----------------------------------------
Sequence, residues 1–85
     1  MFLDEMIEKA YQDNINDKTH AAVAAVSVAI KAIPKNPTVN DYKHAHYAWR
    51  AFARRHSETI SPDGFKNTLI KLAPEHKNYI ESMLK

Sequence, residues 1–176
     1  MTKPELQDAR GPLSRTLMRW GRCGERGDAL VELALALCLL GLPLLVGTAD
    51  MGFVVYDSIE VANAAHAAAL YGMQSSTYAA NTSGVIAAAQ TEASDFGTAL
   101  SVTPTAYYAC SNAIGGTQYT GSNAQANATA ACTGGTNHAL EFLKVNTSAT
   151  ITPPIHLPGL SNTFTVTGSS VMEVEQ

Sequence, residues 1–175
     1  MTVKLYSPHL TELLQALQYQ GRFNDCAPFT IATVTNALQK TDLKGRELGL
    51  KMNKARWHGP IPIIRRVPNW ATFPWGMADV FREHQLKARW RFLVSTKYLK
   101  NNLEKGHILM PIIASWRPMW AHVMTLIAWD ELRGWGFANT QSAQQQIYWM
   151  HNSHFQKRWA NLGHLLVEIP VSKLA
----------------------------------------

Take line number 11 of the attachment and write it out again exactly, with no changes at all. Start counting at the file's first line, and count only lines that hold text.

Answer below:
    51  KMNKARWHGP IPIIRRVPNW ATFPWGMADV FREHQLKARW RFLVSTKYLK